Every year, producer-musician Rat Bastard throws his globally acclaimed International Noise Conference at Churchill's Pub. And, every year, squares of every shape, size, and variety -- from costumed punk rock LARPers to "serious musicians" with serious chips on their shoulder -- bitch and moan every chance they get. The most common charge is "this shit isn't even music."
Well, hey, Gramps, didn't they say the same thing about your precious punk? Or, really, rock 'n roll in general?
In today's wear-that-crappy-influence-on-your-sleeve, post-relevant music industry, noise -- and we're talking about the actually noisy stuff, not the pan-genre big tent that includes everything from techno to post-punk -- may be one of the last bastions of raw rock 'n' roll intensity.
So here are the nine nastiest, noisiest acts "gracing the stage" at this year's International Noise Conference.
Metasplice (Philadelphia, PA)
A collaboration between veteran INCer Dave Smolen and beat-oriented compatriot, hair_loss, Metasplice takes on the challenge of being "noisy" without necessarily getting harsh, extreme or totally brutal. Instead, the duo sounds like an iPod loaded with IDM and/or glitch, and completely submerged in hot sauce.
Microwave Windows (San Francisco, CA)
Never before has a musical artist sounded so much like their namesake. Microwave Windows sounds like the exact synthesis of a humming convection oven and the boot-up music for Windows 95.
Williams, Hosker and Bristol (Jacksonville / Broward)
Free-jazz is a lot like free-balling. And if you don't know what we mean, might we suggest checking out this no-core trio (featuring master improvisers from North and South Florida alike) for a crash course in jazz that sounds like testicles.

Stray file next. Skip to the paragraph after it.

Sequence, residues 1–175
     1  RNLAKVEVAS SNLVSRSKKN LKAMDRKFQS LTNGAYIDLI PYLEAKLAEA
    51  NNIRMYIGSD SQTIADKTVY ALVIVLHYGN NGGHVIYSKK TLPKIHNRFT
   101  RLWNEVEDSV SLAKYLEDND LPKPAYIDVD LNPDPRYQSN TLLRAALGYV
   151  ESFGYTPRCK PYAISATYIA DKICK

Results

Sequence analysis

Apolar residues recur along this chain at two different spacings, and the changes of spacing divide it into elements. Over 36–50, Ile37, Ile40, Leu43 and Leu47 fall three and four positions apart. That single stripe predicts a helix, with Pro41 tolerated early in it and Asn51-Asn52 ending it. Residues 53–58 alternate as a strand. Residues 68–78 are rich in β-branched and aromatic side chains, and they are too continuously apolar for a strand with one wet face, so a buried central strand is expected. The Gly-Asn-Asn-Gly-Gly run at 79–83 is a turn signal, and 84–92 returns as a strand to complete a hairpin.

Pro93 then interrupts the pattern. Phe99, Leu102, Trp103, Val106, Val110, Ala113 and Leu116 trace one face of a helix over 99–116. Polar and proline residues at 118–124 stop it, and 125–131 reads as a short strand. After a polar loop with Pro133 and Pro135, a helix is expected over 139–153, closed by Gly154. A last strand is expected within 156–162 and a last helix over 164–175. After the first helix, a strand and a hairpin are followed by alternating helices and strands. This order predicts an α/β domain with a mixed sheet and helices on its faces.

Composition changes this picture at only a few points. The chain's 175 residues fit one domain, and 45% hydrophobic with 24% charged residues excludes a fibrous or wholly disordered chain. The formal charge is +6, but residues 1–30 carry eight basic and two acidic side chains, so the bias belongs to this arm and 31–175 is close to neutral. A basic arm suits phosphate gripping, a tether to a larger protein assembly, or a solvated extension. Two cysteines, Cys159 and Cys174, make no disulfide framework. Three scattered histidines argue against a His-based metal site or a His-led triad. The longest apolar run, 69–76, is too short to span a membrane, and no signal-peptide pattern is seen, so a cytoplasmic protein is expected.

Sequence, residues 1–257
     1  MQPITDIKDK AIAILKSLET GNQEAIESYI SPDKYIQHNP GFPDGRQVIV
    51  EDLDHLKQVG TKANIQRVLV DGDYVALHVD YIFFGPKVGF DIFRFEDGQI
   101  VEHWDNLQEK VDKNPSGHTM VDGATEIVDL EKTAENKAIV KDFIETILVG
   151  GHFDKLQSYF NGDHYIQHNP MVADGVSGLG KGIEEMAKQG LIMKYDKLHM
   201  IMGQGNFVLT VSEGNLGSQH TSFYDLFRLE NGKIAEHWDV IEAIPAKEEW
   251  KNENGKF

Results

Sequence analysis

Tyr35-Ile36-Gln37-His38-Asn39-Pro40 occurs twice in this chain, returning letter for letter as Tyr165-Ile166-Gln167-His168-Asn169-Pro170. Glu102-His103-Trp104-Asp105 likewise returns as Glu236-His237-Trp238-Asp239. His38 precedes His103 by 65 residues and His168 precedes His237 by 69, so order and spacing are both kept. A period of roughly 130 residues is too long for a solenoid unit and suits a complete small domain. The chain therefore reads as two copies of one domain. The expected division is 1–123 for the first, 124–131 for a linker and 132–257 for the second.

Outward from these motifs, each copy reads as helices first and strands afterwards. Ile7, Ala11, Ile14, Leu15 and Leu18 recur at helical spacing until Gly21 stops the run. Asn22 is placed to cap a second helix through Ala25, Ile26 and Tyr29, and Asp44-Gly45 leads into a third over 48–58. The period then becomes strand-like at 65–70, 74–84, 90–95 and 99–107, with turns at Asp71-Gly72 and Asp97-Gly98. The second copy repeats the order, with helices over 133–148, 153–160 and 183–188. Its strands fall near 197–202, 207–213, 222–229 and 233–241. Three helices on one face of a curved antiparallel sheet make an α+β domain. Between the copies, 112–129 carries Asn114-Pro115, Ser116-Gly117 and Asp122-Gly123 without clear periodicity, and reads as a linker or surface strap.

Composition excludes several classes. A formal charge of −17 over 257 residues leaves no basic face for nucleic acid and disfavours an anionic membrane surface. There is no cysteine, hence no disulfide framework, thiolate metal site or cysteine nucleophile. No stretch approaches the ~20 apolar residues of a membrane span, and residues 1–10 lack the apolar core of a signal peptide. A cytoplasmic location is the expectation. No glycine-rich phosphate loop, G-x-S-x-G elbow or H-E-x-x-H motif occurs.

Oubliette (Clyo, GA)
Southeastern noise champion Oubliette follows a variety of self-prescribed mandates - including a ban on "after" effects like delay and loops, all sound is always improvised and tailored to the room, and so on - to maintain the projects seriousness and devoutness in light of genre trends and lazy noise.
Douglas Ferguson (Austin, TX)
Nothing like a good harsh noise wall to cleanse the palette, eh? Douglas Ferguson starts with a lil' drone spark, adds some juice courtesy a mountain of effects, and before you know it your body is completely consumed by an inferno of sound.
Blue Shift (Providence, RI)
A violin-based squall factory, Blue Shift forges tones that render men impotent and put's every dog within earshot into a trance where they stand up on their hind legs and do a soft shoe.
Tusco Terror (Cleveland, OH)
The last time Tusco Terror played I.N.C. (back in 2009) the entire set was one giant malfunction: each member tried to get their gear to work, uh, until none of them could. The end. The gritty-and-brooding table-noise ensemble has also been known to conclude performances by completely trashing their equipment, assuming it worked in the first place.
Tippi Tillvind (Stockholm, Sweden)
We have no idea what multimedia Swedish artist Tippi Tillvind has in store for Churchill's Pub, but we hope it's something like the noise-mobile collaboration featured in the video above.
Cock E.S.P. (Minneapolis)
Cock E.S.P. are the sloppy, semen-encrusted kings of North American noise. For over a decade, this "experimental music and art ensemble" has traveled the world wearing crappy, dirty costumes, beating the shit out of each other, and making horrible messes. A Zen koan poses the question: "What is the sound of one hand clapping?" We have no idea, but we're positive it's the complete opposite of Cock E.S.P.
International Noise Conference 2012. Wednesday, February 8, to Saturday, February 11. Churchill's Pub, 5501 NE 2nd Ave., Miami. The noise begins at 9 p.m. on Wednesday and Thursday, 7 p.m. on Friday, and 5 p.m. on Sunday. No cover. Call 305-757-1807 or visit churchillspub.com.
Keep Miami New Times Free... Since we started Miami New Times, it has been defined as the free, independent voice of Miami, and we would like to keep it that way. Offering our readers free access to incisive coverage of local news, food and culture. Producing stories on everything from political scandals to the hottest new bands, with gutsy reporting, stylish writing, and staffers who've won everything from the Society of Professional Journalists' Sigma Delta Chi feature-writing award to the Casey Medal for Meritorious Journalism. But with local journalism's existence under siege and advertising revenue setbacks having a larger impact, it is important now more than ever for us to rally support behind funding our local journalism. You can help by participating in our "I Support" membership program, allowing us to keep covering Miami with no paywalls.